First of all, you need to know that any discussion of the collections at RA are crammed full of acronyms and initialisms. Since they are mostly drawn from Danish names, they can be quite difficult for Americans who are not familiar with the collection to understand. Luckily, there are tools to help.
Rigsarkivet (RA) in Copenhagen (Kobenhavn) holds the largest collection of documents for the Danish West Indies. The records are held in two major groups, records of the Central Administration of the West Indies in Copenhagen (Centraladministrationen, CA), the West Indian Local Archives (vestindiske lokalarkiver, or VILA), and a collection of special topics (saerlige emner). The VILA collection is composed mainly of documents produced in the West Indies. It contains documents by the colonial government and private citizens. According to Gøbel, there are some 800 running meters of documents in VILA.
The CA collection is fully described in a book by Erik Gøbel, A Guide to Sources for the History of the Danish West Indies (U.S. Virgin Islands), 1671-1917, 2002. Unfortunately, there is no similar guide to VILA, although Gøbel states in his introduction that he plans to cover the additional archives in sequel books. Alas, it hasn’t come out yet so we’re on our own.
Fortunately, we’re not entirely on our own. Rigsarkivet’s website has a detailed finding list (in Danish and in English). This site will prove very helpful.
RA citations typically include a combination of abbreviations and call numbers. The numbers can be confusing if you aren’t familiar with the Danish Archives. Here are some examples:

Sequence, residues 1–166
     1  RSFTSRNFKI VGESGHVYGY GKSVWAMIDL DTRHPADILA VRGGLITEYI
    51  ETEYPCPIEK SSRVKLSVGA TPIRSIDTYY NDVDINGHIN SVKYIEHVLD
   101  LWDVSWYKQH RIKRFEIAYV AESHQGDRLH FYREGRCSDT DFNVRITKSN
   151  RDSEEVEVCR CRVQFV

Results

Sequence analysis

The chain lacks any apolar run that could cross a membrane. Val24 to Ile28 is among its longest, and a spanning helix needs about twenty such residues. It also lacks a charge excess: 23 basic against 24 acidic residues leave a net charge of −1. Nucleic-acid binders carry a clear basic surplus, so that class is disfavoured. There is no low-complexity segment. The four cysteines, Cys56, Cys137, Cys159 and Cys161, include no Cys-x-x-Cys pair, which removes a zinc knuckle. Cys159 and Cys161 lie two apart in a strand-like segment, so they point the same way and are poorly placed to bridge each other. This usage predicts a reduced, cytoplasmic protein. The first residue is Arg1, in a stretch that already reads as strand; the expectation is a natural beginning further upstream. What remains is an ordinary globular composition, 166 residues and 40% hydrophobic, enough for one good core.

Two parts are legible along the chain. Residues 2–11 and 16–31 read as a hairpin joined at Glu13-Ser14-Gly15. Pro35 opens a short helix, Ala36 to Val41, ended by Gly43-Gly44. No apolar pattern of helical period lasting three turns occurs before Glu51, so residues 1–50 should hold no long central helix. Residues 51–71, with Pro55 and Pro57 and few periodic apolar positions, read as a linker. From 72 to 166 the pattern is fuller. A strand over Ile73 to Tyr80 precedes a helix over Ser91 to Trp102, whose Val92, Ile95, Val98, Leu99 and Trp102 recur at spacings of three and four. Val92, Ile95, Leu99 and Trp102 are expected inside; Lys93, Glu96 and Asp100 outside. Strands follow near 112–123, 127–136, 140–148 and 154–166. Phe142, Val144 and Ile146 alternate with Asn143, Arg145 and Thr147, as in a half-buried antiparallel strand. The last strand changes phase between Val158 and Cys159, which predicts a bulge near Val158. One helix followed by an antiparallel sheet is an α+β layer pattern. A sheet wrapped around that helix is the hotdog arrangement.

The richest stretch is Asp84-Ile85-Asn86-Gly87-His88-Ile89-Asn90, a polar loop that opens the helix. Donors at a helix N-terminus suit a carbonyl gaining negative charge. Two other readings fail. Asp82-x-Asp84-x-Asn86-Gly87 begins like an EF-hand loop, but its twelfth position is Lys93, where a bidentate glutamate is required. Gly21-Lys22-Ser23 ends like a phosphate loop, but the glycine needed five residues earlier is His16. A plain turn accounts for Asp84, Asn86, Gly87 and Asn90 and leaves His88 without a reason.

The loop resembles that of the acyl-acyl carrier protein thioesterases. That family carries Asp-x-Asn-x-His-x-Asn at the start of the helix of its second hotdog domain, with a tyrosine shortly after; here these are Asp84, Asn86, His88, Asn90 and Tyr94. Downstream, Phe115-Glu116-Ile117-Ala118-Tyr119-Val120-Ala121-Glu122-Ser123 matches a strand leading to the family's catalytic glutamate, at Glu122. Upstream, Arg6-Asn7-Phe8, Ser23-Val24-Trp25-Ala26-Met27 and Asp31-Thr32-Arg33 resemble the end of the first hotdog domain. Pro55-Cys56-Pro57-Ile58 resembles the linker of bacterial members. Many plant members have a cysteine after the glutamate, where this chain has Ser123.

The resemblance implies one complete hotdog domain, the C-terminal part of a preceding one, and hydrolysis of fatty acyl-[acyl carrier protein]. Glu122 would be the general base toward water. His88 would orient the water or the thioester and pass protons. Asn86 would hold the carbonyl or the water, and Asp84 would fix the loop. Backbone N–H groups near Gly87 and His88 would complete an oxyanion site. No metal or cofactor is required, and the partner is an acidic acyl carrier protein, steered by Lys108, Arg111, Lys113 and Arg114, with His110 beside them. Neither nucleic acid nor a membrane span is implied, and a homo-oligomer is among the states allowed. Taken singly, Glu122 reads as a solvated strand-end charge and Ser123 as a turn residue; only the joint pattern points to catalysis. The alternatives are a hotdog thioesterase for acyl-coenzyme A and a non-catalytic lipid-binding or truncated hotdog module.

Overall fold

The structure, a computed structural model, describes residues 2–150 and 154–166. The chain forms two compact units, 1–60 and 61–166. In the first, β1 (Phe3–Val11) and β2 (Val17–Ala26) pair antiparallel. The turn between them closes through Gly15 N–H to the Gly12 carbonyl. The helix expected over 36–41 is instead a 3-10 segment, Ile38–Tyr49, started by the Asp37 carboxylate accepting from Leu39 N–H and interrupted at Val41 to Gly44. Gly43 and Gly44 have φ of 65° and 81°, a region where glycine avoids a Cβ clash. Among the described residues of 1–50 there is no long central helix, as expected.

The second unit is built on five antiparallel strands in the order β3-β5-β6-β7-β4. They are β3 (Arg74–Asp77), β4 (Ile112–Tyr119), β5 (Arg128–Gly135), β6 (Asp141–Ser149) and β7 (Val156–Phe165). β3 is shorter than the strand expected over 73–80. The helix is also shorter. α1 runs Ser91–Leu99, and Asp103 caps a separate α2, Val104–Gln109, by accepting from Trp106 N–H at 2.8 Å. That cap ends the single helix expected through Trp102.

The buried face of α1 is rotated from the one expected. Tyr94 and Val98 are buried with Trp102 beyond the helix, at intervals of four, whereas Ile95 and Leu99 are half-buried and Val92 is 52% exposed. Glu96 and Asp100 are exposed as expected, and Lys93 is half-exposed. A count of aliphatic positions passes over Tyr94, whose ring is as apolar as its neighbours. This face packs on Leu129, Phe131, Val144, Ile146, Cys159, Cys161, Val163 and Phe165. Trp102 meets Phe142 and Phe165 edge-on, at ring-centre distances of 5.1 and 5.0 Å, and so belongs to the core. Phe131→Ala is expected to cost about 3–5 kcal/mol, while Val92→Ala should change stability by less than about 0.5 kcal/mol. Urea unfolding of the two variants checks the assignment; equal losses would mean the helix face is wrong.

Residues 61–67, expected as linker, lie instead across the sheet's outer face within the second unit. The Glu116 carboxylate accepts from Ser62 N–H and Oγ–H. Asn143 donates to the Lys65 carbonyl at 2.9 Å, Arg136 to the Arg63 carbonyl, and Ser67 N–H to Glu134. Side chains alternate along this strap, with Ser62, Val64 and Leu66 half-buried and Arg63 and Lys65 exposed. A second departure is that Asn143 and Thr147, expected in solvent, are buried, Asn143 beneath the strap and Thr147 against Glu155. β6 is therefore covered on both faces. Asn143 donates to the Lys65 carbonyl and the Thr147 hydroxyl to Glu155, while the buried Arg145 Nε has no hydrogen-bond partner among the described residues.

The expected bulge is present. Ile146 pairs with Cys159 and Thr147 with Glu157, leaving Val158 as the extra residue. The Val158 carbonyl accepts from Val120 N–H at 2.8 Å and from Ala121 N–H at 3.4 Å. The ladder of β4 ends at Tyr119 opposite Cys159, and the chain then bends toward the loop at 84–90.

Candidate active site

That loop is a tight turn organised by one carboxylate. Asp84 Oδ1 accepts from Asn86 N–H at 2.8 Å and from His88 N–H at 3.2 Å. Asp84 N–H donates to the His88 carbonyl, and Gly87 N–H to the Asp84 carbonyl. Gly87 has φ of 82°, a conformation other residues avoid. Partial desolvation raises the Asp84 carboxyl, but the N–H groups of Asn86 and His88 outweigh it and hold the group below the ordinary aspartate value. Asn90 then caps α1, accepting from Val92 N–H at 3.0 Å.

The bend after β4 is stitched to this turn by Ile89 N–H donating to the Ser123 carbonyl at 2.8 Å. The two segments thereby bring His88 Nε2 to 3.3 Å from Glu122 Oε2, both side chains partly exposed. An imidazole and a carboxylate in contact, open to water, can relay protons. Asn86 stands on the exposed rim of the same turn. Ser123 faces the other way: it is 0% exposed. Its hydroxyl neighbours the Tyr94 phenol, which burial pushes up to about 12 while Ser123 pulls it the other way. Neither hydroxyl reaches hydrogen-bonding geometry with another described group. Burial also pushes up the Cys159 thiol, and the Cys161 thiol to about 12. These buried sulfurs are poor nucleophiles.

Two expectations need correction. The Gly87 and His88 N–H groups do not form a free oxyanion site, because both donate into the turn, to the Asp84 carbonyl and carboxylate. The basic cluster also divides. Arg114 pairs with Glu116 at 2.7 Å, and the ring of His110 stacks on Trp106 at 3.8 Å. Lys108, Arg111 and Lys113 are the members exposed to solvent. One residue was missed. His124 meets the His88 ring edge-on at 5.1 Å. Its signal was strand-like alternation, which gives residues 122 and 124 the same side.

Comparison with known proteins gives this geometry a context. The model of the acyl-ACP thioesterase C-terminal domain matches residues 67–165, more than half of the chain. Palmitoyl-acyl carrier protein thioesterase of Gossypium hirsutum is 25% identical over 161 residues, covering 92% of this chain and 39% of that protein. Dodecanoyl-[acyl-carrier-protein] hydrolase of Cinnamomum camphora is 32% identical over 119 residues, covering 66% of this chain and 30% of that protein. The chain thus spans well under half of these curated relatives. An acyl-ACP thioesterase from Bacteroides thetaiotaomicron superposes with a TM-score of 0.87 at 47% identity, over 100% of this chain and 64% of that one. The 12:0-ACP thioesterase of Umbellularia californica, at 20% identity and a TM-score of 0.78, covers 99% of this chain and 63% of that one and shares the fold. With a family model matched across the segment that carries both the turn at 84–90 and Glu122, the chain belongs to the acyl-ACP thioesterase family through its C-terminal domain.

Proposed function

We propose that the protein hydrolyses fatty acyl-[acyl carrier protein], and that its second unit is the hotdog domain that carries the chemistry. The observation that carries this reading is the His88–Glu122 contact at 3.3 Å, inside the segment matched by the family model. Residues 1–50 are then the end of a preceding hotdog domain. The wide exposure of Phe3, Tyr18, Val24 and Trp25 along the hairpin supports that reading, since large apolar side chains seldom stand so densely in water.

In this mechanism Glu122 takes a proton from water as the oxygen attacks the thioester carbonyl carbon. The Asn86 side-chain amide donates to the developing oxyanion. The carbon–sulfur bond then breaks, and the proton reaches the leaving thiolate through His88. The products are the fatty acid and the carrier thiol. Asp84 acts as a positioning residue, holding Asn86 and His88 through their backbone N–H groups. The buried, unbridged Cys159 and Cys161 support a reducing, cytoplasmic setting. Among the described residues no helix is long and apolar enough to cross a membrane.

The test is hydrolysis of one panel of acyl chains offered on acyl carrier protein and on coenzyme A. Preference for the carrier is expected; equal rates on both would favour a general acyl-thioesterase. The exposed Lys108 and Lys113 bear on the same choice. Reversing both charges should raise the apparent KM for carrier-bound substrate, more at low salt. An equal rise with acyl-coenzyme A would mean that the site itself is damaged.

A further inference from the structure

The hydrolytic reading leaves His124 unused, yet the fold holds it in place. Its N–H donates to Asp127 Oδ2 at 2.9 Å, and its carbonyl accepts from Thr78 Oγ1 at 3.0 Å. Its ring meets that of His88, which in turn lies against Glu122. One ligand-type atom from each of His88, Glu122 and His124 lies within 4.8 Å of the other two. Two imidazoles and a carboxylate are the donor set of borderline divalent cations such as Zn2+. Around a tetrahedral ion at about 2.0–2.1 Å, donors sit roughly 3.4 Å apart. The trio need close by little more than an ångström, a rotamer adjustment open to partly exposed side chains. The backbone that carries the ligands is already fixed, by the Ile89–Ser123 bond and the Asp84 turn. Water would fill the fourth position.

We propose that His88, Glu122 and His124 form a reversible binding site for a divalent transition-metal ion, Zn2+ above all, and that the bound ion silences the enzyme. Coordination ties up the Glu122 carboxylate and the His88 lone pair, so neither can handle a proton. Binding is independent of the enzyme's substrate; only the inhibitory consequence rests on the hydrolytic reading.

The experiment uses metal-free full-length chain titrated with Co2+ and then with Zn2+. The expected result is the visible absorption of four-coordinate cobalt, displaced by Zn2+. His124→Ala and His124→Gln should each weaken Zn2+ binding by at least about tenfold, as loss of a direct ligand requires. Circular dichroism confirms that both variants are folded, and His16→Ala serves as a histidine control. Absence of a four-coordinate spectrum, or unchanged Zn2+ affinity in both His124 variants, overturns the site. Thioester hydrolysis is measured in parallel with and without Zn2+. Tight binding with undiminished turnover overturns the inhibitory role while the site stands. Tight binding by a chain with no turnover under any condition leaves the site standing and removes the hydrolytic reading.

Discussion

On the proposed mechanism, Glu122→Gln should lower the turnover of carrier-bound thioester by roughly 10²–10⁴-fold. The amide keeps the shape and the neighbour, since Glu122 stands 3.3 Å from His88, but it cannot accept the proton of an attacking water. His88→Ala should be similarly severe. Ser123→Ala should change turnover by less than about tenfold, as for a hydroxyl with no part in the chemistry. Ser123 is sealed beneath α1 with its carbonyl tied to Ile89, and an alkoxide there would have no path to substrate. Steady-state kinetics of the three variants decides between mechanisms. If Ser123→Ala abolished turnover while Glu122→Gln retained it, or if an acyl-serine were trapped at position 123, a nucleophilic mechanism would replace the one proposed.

Documents from the Danish Archives usually begin with "RA" (RigsArkivet). Following that, "VILA" shows that it is from the West Indian Local Archive. The next abbreviation shows which Archive Group the set belongs to. There are 57 Archive Groups in VILA, and the abbreviation is in Danish.
In this case, "VR" is the abbreviation for Archive Group #3, Vestindiske Regering (West Indian Government). The full name of the group is Den vestindiske Regering / Guvernementets Sankt Croix afdeling 1723 – 1912, which is abbreviated RA/GSTX above. On the RA web page, it is the third collection in the VILA record group as shown by this clip. It would be great if they listed this number on the site, but alas, you have to count. Luckily it is group 3 and not group 30.
So, apart from some often used archives, how do we decode all the possible the abbreviations? Even more critical, how are we to interpret the source when only call numbers are used? The RA website makes it possible.
Let’s consider these three sources: 3.81.588, 3.56.2, and 3.57. It should be simple to look up this number, all of them begin with 3, so they are from the VR group. We just look up the rest of the numbers, right? It’s a tad more complicated. Here’s a view of part of the VR Group (in Danish):
Notice that, again, there are no numbers. The archives are listed in order though, so you just count down to, say, number 56 (for the militia rolls) and we see:
Here we see that 3.56.2 is titled “Indgåede skrivelser til den engelske generalguvernør, 1809 – 1810”
If you want to see the listings in English, choose “English” from the home page and use the Finding Aids:
So, the 3.56.2 is titled “Letters received by the English Governor General 1809-1810”. The VISHA title “Militia Rolls” is more helpful. Similarly, the collection identified as 3.81.588, St. Croix Burgher Briefs 1799-1911 is under:
3 – West Indian Local ArchiveSo, with a little patience, the collections from the Danish National Archives can be sourced from the call number and the Rigsarkivet website.
81 – Subject files 1755 – 1917
588 – Subject files: 9, Social and cultural matters: Lists of individuals having been granted citizenship 1799 – 1911